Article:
Providing Solutions for

food sovereignty

Seed Saving & Sovereignty

“Seed freedom” - the freedom of indigenous peoples to grow and we want to encourage people to start taking practical steps to improve your own self-sufficiency before you really need it.

Seed is saved from harvest to harvest. After observing the pollination patterns and reproductive characteristics of the plant. Some remaining in the ground if possible as a back up storage, while rua are ideal. Maximum germination, seedling vigor, and longest storage life is achieved when fully ripened, current season, pest-free seed is harvested. Environmental conditions, lack of pollinators, and parasitism all can affect the quality of the seeds collected.

Feed ourserlves & free ourselves

hua parakore

We were very fortunate to be with Uncle Te Iwi Puihi (Percy) Tipene during the time that the Hua Parakore, indigenous food sovereignty initiative and hallmark of excellence for food and product production was developed.

It remains one of the only indigenous standards for food production which we highly recommend growers to consider signing up to.


cultural indicators of indigenous peoples' food and agro-ecological systems

Produced by the International Indian Treaty Council, (of which our founder, Tui Shortland, served as alternate board member), the Christensen Fund (who also were the first donors to support Tui's first trip to work at the UN CBD COP11 in India, 2002), the Norwegian Ministry of Foreign Affairs and FAO.

We highly recommend anyone researching indigenous food sovereignty to consider this publication.  Indicators suggested in the document are as so: 

Access to, security for and integrity of traditional lands, territories, natural resources, sacred sites and ceremonial areas used for traditional food production, harvesting and/or gathering and related cultural and ceremonial purposes;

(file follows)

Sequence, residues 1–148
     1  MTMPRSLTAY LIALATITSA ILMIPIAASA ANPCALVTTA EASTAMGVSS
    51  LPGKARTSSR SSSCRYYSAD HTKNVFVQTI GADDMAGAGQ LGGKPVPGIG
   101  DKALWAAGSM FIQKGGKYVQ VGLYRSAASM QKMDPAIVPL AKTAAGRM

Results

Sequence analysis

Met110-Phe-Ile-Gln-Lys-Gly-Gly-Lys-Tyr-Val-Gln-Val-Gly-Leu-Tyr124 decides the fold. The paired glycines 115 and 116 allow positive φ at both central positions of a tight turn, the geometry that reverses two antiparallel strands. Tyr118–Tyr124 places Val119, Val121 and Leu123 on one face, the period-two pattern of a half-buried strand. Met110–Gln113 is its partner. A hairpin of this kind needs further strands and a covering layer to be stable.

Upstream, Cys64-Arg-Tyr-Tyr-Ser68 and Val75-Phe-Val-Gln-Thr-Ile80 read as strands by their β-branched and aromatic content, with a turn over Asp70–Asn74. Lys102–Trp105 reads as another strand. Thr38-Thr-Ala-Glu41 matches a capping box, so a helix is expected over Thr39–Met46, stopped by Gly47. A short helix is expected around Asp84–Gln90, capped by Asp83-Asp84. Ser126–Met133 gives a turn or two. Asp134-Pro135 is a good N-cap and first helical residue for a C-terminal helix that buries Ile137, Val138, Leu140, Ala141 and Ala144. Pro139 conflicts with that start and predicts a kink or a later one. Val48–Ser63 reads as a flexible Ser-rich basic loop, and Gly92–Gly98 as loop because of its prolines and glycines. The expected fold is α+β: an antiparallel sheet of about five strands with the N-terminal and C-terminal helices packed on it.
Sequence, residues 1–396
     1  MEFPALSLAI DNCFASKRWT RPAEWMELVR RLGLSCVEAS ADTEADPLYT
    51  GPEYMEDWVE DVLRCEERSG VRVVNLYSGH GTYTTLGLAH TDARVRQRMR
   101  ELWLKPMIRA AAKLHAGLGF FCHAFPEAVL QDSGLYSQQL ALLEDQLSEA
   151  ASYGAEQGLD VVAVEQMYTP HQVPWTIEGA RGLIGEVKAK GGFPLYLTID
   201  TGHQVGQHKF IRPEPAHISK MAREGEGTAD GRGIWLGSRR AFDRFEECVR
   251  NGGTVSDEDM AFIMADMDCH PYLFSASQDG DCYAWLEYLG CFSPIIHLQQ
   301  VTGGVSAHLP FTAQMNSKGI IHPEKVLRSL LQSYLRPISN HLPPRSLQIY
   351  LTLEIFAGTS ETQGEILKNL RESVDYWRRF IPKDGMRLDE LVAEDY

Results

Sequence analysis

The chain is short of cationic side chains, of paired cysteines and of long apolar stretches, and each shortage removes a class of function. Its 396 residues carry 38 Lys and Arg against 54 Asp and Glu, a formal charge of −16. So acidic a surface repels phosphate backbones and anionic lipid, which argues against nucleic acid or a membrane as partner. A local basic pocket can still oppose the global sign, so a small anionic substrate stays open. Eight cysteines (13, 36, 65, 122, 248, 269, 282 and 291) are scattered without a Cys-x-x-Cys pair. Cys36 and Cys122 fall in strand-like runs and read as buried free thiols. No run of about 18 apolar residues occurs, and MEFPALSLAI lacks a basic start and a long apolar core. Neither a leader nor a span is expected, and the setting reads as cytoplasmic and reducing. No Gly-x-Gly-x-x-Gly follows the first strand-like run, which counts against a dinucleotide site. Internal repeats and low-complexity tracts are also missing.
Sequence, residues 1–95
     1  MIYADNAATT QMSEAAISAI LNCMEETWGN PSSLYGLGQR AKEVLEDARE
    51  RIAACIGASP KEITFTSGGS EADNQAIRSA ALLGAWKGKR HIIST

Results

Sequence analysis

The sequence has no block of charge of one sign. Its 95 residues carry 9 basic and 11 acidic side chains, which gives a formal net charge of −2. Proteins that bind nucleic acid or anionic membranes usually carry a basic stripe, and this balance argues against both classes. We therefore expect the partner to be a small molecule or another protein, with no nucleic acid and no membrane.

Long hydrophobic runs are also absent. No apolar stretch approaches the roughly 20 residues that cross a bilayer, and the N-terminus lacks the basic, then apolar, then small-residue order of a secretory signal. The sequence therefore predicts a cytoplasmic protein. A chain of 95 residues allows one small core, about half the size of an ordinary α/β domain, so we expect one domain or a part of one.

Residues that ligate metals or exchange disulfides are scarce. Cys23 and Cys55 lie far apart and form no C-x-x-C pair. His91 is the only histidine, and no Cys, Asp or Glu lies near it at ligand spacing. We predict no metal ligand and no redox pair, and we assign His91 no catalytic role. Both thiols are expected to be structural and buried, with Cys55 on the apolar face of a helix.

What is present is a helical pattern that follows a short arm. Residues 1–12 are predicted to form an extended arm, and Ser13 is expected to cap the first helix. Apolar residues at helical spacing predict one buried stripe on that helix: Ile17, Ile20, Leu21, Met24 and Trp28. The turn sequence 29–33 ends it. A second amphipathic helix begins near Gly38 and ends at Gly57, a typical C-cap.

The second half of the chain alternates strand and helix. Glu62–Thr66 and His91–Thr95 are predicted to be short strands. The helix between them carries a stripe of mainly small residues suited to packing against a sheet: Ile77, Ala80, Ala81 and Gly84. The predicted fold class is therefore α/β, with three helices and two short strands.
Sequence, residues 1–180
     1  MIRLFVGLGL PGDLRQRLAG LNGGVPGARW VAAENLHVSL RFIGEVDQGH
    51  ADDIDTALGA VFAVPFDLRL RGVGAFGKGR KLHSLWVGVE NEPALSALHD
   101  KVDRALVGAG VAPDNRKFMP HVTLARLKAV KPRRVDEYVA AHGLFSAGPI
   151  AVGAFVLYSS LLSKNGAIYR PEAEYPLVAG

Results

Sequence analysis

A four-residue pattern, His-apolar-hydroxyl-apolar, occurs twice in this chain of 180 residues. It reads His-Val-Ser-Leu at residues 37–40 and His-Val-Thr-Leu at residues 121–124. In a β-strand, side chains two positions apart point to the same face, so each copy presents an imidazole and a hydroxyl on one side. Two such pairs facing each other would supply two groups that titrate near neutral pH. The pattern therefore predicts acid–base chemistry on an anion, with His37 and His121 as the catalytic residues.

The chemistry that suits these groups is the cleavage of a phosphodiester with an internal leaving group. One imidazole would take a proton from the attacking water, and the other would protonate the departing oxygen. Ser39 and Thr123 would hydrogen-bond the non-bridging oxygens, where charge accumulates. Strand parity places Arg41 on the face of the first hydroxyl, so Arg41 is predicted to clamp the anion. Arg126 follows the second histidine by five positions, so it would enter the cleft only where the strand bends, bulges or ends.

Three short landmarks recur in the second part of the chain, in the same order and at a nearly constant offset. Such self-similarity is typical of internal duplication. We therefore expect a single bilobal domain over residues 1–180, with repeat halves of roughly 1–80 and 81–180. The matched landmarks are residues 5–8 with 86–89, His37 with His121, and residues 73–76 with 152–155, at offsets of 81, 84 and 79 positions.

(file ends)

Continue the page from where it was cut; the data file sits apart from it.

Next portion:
Abundance, scarcity and/or treats to traditional seeds, plant foods and medicines, and food animals as well as cultural practices associated with their protection and survival;

Use and transmission of methods, knowledge, language, ceremonies, dances, prayers, oral histories, stories and songs related to traditional foods and subsistence practices, and the continued use of traditional foods in the daily diet as well as in relevant cultural/ceremonial practices;

Capacity by Indigenous Peoples for adaptability, resilience and/or restoration of traditional food use and production in response to changing conditions including migration, displacement, urbanization and environmental changes;

Ability of indigenous Peoples to exercise and implement their rights including self determination and free, prior informed consent as well as their self-government structures, to promote and defend their food sovereignty and related aspects of their development.


We believe in supporting food sovereignty through supporting Maori to grow their ancestral foods, and to revive our culture around kai.

awatea multi-media library

We have a library of information on many native plants.  This information has been compiled to assist with reconnecting to Mother Earth. It includes categories on identifying native plants, their customary uses and tips on growing them.